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Hong Kong Wonít Open to World Until Mid-2022, Lam Aide Says

Hong Kong Wonít Open to World Until Mid-2022, Lam Aide Says

Old Jan 30, 22, 8:57 pm
  #46  
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Originally Posted by Visconti View Post
You know, if they even open by Sep/Oct of 2022, I'd be ecstatic. Heck, I'd even settle for opening by Christmas.
It's sad that you're saying this in January.
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Old Jan 30, 22, 10:51 pm
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Originally Posted by MSPeconomist View Post
It's sad that you're saying this in January.
To be fair many of us were thinking the exact same statement at the beginning of 2021...
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Old Feb 2, 22, 6:43 pm
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Originally Posted by JNelson113 View Post
How does all of this go along with zero covid? Do they seem to realize that zero covid is not happening?
no, they do not care. China also does not care if businesses pull out. If anything, they want them to. Hong kong is done as we knew it.
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Old Feb 2, 22, 8:28 pm
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Originally Posted by Topcare View Post
no, they do not care. China also does not care if businesses pull out. If anything, they want them to. Hong kong is done as we knew it.
I think they would care if big businesses actually pulled out, so far that simply hasn't happened.
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Old Feb 2, 22, 8:47 pm
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Originally Posted by tauphi View Post
I think they would care if big businesses actually pulled out, so far that simply hasn't happened.
ummmm....ok. sure.
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Old Feb 2, 22, 8:54 pm
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Originally Posted by Topcare View Post
no, they do not care. China also does not care if businesses pull out. If anything, they want them to. Hong kong is done as we knew it.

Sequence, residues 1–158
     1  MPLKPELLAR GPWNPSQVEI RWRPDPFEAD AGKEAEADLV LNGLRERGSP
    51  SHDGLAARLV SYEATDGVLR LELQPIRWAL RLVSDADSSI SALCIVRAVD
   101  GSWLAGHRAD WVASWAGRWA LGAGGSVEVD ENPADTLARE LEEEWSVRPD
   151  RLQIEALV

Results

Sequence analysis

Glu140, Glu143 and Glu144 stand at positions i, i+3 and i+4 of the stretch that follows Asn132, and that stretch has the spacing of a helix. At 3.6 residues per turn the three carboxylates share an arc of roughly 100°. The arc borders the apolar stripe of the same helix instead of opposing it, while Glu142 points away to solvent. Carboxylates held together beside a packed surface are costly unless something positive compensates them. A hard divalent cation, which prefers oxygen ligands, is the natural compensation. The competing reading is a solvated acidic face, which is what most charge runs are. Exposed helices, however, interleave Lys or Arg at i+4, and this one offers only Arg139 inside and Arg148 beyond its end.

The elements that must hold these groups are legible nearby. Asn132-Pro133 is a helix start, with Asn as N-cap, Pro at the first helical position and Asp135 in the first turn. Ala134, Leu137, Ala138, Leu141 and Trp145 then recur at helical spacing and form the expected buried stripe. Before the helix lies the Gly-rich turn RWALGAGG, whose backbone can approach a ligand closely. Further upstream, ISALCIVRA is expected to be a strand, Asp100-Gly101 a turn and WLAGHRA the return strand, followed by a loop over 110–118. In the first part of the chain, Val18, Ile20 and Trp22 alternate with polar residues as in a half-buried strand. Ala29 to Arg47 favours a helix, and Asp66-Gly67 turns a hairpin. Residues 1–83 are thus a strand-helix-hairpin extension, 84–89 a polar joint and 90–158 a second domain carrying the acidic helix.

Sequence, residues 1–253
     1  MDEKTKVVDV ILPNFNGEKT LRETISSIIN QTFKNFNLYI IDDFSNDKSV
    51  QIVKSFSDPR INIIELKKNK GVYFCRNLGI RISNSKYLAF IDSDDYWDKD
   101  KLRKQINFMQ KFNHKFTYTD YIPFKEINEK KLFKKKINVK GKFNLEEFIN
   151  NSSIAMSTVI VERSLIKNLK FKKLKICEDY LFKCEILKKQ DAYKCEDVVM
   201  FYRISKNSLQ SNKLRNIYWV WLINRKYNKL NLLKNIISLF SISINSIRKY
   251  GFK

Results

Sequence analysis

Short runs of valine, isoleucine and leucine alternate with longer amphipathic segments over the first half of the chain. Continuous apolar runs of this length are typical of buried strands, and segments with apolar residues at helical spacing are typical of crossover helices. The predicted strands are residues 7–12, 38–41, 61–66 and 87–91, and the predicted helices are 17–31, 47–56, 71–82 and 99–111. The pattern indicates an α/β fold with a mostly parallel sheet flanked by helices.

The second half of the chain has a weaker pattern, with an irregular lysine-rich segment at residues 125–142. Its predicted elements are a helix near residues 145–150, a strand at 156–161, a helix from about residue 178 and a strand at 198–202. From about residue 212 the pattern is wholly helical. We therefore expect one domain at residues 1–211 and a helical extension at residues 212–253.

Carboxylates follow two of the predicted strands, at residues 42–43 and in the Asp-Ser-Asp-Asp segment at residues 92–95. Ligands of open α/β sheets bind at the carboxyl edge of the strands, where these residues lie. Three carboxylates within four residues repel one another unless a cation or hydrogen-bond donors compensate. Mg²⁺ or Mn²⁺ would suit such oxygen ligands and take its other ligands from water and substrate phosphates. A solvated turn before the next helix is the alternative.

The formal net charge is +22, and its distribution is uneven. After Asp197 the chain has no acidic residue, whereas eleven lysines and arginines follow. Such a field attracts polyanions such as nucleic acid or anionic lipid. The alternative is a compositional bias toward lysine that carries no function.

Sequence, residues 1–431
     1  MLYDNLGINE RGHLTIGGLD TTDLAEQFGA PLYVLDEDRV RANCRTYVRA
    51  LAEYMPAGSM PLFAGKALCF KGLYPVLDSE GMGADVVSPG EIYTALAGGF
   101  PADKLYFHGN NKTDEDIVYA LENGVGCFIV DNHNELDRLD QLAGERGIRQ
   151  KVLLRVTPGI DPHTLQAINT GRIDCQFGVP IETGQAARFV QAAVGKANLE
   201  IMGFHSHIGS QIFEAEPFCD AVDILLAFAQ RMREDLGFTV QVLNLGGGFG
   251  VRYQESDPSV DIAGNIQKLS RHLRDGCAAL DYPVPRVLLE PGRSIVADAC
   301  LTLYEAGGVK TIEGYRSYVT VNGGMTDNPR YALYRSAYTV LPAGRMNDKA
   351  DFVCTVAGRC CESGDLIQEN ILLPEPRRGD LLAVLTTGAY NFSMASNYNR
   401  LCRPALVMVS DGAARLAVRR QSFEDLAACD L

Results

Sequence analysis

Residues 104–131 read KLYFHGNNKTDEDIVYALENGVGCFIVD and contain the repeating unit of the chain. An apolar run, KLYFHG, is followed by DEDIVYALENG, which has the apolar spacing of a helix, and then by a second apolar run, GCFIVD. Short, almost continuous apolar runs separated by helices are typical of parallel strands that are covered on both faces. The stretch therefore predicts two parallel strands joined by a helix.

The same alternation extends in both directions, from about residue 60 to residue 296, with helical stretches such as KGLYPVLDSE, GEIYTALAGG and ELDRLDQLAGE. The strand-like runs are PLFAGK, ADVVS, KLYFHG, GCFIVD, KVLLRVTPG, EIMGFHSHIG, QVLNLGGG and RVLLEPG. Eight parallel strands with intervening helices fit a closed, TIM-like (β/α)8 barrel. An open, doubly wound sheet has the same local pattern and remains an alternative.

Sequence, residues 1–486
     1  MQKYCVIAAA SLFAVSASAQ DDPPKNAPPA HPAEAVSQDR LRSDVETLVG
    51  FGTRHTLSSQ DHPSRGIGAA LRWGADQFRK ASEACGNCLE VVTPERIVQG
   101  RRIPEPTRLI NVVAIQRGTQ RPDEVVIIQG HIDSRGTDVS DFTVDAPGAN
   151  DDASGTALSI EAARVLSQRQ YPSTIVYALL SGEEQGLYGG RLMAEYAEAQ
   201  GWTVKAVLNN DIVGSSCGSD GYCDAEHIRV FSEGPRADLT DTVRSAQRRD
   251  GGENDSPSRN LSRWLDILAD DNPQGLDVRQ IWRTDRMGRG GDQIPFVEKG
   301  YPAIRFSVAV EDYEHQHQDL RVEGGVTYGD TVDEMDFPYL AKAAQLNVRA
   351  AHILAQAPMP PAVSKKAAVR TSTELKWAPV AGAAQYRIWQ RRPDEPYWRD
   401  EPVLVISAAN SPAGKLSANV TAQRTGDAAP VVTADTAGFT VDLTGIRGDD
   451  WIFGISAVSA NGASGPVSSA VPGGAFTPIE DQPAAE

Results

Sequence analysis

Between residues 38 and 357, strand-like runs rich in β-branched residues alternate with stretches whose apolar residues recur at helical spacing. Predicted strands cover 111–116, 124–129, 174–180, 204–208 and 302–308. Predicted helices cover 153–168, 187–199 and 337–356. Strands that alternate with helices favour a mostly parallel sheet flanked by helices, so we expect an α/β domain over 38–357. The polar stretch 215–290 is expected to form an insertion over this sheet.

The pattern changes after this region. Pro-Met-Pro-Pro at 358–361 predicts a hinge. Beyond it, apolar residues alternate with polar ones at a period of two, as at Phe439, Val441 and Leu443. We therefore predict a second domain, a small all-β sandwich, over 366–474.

Sadly I think you're right. Hong Kong is done. So is CX. Very sad.
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Old Feb 4, 22, 9:14 pm
  #52  
 
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Originally Posted by justforfun View Post
Sadly I think you're right. Hong Kong is done. So is CX. Very sad.
It is indeed very sad. On some levels, I think I'm still in denial that all of this is actually happening to HK, and it's hard for me to get over that I had taken for granted that HK would enjoy, more or less, self-governance until 2047. And, to see what's happening to CX, through no fault of its own, is equally tragic as we're witnessing a once great Airline reduced to whatever it may be from the rubble.

I didn't realize it then, but my biggest regret was "out of an abundance of caution" not taking that final trip to HK in 2020. If I could have a do over, I'd definitely should've ignored "them," and just said "f*ck'em," and just gone with my instincts--it would have been infinitely preferable with this where I have to live with regrets.
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Old Feb 5, 22, 7:11 am
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Originally Posted by Visconti View Post
It is indeed very sad. On some levels, I think I'm still in denial that all of this is actually happening to HK, and it's hard for me to get over that I had taken for granted that HK would enjoy, more or less, self-governance until 2047. And, to see what's happening to CX, through no fault of its own, is equally tragic as we're witnessing a once great Airline reduced to whatever it may be from the rubble.

I didn't realize it then, but my biggest regret was "out of an abundance of caution" not taking that final trip to HK in 2020. If I could have a do over, I'd definitely should've ignored "them," and just said "f*ck'em," and just gone with my instincts--it would have been infinitely preferable with this where I have to live with regrets.
Agreed. I cancelled my HKG lunar new year trip in mid January 2020 because I was starting to read about a weird new virus and didn't want to bringi it home to my family. Given that my daughter and I caught it on a cruise ship two months later and were barely ill, I wish that I had just gone.
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Old Feb 5, 22, 6:51 pm